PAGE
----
Yes--I am going to give you a whole seven reasons! However, before that, I have an annoucement: my main site will be updated early next week, after Labor Day Weekend. My designer and I haven't forgotten about doing it--it's just because of the holiday weekend.
That said...here we go!
In order to get back into the vampire groove for BREAK OF DAWN, my third Vampire Babylon book, I’ve been engaging in the same old tricks: reading fantasy and sci-fi (which reminds me of the importance of world-building complexity) and filling my head with movies to stimulate my "inner eye." One film that I’ve been saving to view while writing this third book is BRAM STOKER’S DRACULA. I haven’t seen that gem in years, and watching it once again made me wonder why.
So why does BS’sDRACULA rule? Let’s consider this question in a geek-riddled analysis.
1. The movement. What I mean by this is a certain tone created by how the characters and the scenery themselves move. At times, Francis Ford Coppola filmed the actors backwards so he could give their choreography a certain freakish grace. (Note the scene with Lucy in the crypt as she climbs back into her glass coffin.) Remember how Dracula occasionally floats instead of walks? Or how about those brides of his, creeping along in an erotic yet insect-like dance of entwined limbs? Love, love, love it all. Something else to consider: the movement of the camera, which at times is positioned so that the walls actually seem to suck inward in breathing eeriness.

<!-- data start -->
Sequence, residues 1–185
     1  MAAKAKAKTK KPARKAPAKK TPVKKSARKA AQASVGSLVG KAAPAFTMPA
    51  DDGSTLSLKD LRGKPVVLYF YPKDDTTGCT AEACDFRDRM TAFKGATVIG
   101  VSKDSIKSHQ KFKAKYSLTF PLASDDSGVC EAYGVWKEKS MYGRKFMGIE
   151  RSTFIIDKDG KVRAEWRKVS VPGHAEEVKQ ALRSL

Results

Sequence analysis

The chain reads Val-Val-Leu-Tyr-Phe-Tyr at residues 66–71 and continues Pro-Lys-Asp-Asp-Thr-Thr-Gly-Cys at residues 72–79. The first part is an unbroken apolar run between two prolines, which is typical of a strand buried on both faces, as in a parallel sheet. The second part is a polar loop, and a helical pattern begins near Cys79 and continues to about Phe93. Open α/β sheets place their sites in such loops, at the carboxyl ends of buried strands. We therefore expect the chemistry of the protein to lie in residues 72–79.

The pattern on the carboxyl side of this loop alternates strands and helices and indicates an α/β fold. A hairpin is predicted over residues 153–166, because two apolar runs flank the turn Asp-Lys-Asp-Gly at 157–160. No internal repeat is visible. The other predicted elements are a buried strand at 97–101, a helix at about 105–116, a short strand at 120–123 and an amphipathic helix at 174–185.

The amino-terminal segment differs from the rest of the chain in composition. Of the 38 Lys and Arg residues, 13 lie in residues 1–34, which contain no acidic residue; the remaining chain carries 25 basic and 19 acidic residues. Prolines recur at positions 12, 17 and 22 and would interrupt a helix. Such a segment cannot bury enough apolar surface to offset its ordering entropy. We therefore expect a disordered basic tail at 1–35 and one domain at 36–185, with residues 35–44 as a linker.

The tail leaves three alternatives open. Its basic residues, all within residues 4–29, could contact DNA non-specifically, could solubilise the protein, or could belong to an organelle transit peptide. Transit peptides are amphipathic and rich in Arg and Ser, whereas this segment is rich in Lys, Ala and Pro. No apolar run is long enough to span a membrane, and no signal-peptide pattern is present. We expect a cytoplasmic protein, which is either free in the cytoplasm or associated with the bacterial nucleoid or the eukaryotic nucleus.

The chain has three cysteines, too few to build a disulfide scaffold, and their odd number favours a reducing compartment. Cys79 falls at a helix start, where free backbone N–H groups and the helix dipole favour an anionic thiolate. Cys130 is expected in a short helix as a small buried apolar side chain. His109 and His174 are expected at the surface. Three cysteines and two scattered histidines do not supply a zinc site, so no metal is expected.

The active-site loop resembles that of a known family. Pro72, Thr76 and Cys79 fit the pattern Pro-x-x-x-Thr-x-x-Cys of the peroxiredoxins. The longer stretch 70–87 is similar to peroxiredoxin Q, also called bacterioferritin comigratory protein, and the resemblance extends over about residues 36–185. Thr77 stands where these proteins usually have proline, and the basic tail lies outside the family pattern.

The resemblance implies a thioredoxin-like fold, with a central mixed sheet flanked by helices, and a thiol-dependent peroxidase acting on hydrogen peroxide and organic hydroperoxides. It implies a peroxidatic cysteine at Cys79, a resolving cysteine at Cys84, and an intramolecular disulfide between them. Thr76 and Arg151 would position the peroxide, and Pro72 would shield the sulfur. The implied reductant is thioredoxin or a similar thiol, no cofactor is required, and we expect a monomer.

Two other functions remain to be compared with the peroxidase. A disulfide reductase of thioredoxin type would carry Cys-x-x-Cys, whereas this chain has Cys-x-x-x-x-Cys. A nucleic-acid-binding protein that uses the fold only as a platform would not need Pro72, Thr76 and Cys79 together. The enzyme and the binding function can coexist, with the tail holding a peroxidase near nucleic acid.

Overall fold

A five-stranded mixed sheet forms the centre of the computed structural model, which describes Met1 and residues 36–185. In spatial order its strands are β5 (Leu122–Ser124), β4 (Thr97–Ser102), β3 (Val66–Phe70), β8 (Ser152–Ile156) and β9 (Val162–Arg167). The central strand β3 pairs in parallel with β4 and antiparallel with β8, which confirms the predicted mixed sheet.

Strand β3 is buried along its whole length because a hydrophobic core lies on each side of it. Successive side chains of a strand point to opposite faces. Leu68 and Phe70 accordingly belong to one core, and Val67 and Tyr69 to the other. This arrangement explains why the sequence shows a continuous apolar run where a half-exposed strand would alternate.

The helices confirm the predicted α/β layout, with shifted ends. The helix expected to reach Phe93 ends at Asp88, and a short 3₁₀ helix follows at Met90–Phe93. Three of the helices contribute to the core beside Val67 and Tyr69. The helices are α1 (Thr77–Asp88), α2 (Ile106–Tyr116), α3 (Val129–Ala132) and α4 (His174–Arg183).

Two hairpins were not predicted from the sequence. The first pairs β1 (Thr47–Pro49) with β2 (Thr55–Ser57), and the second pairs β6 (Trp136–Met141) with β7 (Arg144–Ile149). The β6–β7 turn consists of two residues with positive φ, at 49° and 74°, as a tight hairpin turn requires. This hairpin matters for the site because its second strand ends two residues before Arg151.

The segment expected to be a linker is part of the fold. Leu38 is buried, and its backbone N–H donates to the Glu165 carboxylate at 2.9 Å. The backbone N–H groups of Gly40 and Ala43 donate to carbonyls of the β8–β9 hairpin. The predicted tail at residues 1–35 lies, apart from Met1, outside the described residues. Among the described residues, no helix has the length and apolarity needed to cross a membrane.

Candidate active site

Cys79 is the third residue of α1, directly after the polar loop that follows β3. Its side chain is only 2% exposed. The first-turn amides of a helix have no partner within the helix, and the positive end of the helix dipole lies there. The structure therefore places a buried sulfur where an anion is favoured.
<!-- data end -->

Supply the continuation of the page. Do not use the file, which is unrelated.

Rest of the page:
2. The art direction. A castle shaped like a withered old man sitting on a throne, the decadent Westenra mansion—every scene possesses an amazingly effective tone. In fact, every time I watch this film I see a hundred more details I missed the first time.
3. The transitions between sequences. It’s breathtaking when this movie flows from one point of view to another. Whether it’s a peacock-feather fan splaying over the lens, or an almost subliminal image of Dracula bending over an ailing Mina when his character isn’t physically there, lingering beauty and spookiness serve as preludes to each scene.
4. The costumes. They’re crazy and wonderful, sometimes even anachronistic. A wolf-like suit of armor for Vlad; the orange-red themed, sexually whispered nightdresses for Lucy; an otherworldly bridal gown for our redheaded victim; the sumptuous and rotting clothes of the brides—all stunning, all adding to the unease of the tale that’s unfolding before us.
5. The evocative vibe. Do you all recall the shadows that follow and mock Dracula and Jonathan on the castle walls during the first part of the film? Brilliant. And how about Jonathan’s wolf-howling ride up to Dracula’s castle? Shiver-inducing.
6. The music. Perfect. I can say no more.
7. The hot cast. Cary Elwes, Billy Campbell, Richard E. Grant, Keanu Reeves. A feast for the hormones. I know I’m leaving out Gary Oldman, and there are a lot of women who dig him, but…nah. I’m way more into the love square with Lucy and her three suitors.
Operatic, romantic, and horrific—DRACULA is one of my top fifteen movies ever.